Volume 3, Issue 5, September 2015, Page: 669-676
Implementation of Community-led Total Sanitation and Hygiene Approach on the Prevention of Diarrheal Disease in Kersa District, Jimma Zone Ethiopia
Negasa Eshete, Department of Public Health, Dilla University, Dilla, Ethiopia
Abebe Beyene, Department of Environmental Health sciences, Jimma University, Jimma, Ethiopia
Gudina Terefe, Department of Environmental Health sciences, Jimma University, Jimma, Ethiopia
Received: Jul. 2, 2015;       Accepted: Jul. 13, 2015;       Published: Jul. 28, 2015
DOI: 10.11648/j.sjph.20150305.22      View  4312      Downloads  116
Abstract
Introduction: Lack of access to safe water supply and inadequate sanitation and unsafe hygiene practices can cause diarrheal diseases. It is believed that implementation of Community-led Total Sanitation and Hygiene (CLTSH) will significantly reduce the risk of diarrheal diseases. Objective: To assess the Community-led Total Sanitation and Hygiene approach on the prevention of diarrheal disease in Kersa District of Jimma Zone, Southwest Ethiopia. Methods: A cross sectional study was conducted in Kersa District of Jimma Zone, Southwest Ethiopia from December 03, 2012 to January 11, 2013. The study subjects were randomly selected 423 households from CLTSH implemented and 423 households where CLTSH none implemented kebeles. Data was collected through interview and observation then data obtained was analyzed with SPSS version 16.0. Result: The study showed that the extent of latrine coverage and utilization in CLTSH implemented was greater than that of CLTSH non-implemented kebeles. In this study the occurrence of diarrhea was statistically associated with the extent of latrine utilization in the bivariate analysis in the CLTSH non-implemented kebeles [OR: 9.64, 95%CI: (5.11-18.19)] but the significant was disappeared in the multivariate analysis. Study showed that hand-washing facility near the latrine in CLTSH implemented (73.06%) was greater than that of CLTSH non-implemented kebeles (72.58%). But the risk of diarrhea was statistically associated with hand washing facility only in CLTSH non-implemented kebeles in bivariate and multivariate analysis. Conclusion: in the study the diarrhea prevalence is less in CLTSH implemented than the non implemented kebeles. So it is possible to reduce diarrheal disease through implementation of CLTSH approach. Health-workers and local authorities must pay special emphasis to improve these conditions.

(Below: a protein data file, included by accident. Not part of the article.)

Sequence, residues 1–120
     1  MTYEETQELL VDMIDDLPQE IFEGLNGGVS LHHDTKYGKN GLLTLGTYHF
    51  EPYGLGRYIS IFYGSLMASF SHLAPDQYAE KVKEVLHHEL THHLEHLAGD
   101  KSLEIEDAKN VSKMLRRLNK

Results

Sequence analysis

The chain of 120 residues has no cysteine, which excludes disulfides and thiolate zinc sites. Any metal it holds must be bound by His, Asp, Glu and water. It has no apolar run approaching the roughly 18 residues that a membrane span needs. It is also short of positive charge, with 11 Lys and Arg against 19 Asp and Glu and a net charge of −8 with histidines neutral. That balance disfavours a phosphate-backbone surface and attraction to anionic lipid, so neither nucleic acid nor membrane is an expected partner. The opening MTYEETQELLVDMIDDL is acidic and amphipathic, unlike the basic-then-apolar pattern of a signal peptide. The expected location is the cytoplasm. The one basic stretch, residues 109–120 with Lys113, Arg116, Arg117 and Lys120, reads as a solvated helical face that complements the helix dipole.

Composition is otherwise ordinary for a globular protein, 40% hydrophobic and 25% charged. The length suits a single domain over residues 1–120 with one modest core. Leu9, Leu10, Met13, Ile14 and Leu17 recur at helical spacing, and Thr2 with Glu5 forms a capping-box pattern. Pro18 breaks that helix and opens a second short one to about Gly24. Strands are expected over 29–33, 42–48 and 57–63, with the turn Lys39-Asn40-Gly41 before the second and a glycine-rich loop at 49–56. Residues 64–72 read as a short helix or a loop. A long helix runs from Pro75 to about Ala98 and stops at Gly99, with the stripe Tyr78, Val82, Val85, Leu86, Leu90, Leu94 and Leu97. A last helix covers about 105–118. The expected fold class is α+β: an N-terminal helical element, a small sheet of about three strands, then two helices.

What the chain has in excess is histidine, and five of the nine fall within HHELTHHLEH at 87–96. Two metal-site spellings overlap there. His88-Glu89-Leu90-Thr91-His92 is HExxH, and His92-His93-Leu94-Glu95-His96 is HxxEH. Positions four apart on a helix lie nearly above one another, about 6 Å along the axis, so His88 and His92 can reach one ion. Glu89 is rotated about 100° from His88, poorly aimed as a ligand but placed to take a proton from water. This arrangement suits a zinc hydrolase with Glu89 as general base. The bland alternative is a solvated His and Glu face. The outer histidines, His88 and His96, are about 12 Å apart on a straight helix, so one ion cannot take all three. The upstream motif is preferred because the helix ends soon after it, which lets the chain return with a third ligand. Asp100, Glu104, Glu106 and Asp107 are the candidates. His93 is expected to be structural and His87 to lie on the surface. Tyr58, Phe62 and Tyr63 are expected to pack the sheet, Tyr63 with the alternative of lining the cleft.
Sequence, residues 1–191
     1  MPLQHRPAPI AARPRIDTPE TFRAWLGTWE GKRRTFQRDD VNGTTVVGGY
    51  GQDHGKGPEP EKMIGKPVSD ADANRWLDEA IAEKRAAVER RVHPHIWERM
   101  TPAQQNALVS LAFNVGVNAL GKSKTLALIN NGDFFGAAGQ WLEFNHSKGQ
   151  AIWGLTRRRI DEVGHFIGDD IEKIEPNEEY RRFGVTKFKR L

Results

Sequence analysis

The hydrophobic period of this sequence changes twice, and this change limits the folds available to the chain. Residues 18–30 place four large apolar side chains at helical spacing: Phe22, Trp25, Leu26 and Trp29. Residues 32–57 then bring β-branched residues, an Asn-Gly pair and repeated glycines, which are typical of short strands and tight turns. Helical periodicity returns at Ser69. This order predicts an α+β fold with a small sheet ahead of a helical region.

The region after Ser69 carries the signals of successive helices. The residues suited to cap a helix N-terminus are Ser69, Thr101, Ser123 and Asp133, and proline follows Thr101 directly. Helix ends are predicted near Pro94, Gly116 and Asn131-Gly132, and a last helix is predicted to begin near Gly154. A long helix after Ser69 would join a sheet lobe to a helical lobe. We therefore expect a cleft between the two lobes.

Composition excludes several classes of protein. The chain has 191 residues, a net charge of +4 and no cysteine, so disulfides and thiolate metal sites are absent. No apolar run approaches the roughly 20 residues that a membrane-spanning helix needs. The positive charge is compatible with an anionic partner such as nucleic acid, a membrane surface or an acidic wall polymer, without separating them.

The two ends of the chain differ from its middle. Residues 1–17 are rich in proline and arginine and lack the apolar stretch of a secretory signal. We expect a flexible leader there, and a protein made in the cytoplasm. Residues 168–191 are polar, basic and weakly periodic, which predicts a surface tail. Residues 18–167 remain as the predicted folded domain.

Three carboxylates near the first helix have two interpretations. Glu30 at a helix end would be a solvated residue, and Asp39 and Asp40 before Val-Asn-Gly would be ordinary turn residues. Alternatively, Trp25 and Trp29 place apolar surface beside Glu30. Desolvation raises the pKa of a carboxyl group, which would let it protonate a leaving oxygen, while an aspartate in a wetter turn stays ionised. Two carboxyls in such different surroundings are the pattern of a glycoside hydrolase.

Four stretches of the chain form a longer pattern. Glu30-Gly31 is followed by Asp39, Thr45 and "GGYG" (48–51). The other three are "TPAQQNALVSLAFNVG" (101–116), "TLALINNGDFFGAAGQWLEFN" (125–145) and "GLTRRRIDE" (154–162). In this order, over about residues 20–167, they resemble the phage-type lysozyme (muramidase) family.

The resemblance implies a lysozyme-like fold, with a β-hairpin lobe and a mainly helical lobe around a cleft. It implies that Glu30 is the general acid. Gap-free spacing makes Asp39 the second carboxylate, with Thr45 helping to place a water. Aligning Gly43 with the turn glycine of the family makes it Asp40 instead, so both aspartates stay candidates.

Keywords
CLTSH Implementation, Diarrhea Prevention, Cross-sectional Study, Ethiopia
To cite this article
Negasa Eshete, Abebe Beyene, Gudina Terefe, Implementation of Community-led Total Sanitation and Hygiene Approach on the Prevention of Diarrheal Disease in Kersa District, Jimma Zone Ethiopia, Science Journal of Public Health. Vol. 3, No. 5, 2015, pp. 669-676. doi: 10.11648/j.sjph.20150305.22
Reference
[1]
Jill W. Ahs, W. T. (2010). diarrheal diseases in low and middle-income countries. the open infectious diseases journal , 113-124
[2]
WHO. (2004). The world health report 2004 - changing history. Retrieved from http://www.who.int/whr/2004/en/report04_en.pdf
[3]
Belachew, T. J. (2001). Module on diarrheal disease for the Ethiopian Health Center Team. Addis Ababa: Jimma University in collaboration with EPHTI, Carter Center, Ethiopia MOH and MOE,Ethiopia.
[4]
Kenya Breaking Toilet Taboos. (2012, April 09). Retrieved from http://allafrica.com.
[5]
Central Statistics Authority & ORC Marco. (2011). Ethiopia Demographic and health survey (DHS). Central Statistics Authority. Addis Ababa, Ethiopia and Calverton, Maryland, USA.
[6]
Lyla, M. & Petra, B. (2009). Community-led total sanitation(CLTS) across the seas: Experiences from Africa witha special emphasis on Ethiopia. RiPPLE Working Paper 12. , p6
[7]
Teklemariam, S., Getaneh, T. & Bekele, F. (2000). Environmental determinants of diarrhoea morbidity in under-five children. Keffa-Sheka Zone. Southwest Ethiopia . Ethiop. Med. J. , 38(1): 27-34.
[8]
Tefera, W. (2008). Technical Issues of Sanitation and Hygiene in Mirab Abaya and Alaba; a case study report from the Southern Nations Region (SNNPR) of Ethiopia. RIPPLE Working Paper no.2.
[9]
Awoke, W. & Muche, S. (2013). latrine coverage and associated factors among rural communities inthe District of Bahir Dar Zuria, Ethiopia. BMC Public Health , 13:99.
[10]
Rachael, R. (2011). An evaluation of household latrine coverage in Kewot woreda, Ethiopia three years after. Emory University.
[11]
Anteneh, A. & Kumie, A. (2010). Assessment of the impact of latrine utilization on diarrheal disease in the rural community of Hulet Ejju Enessie district, East Gojjam Zone, Amhara Regional state. Master thesis,. Ethiop. J. Health Dev. , 24(2);110-118.
[12]
Mengistie, B. & Baraki, N. (2010). Community based assessment on household management ofwaste and hygiene practices in Kersa Woreda, Eastern Ethiopia. Ethiop. J. Health Dev. , 24(2):103-109.
[13]
Dessalegn, M. (2009). Does the effect of water and sanitation vary by maternal education on childhood diarrhea. Addis Ababa: Addis Ababa University..
[14]
Wondimagegn, S. (1994). Survey of environmental sanitation in urban and rural communities in south western Ethiopia. Bull. JIHS , 4:40-51.
Browse journals by subject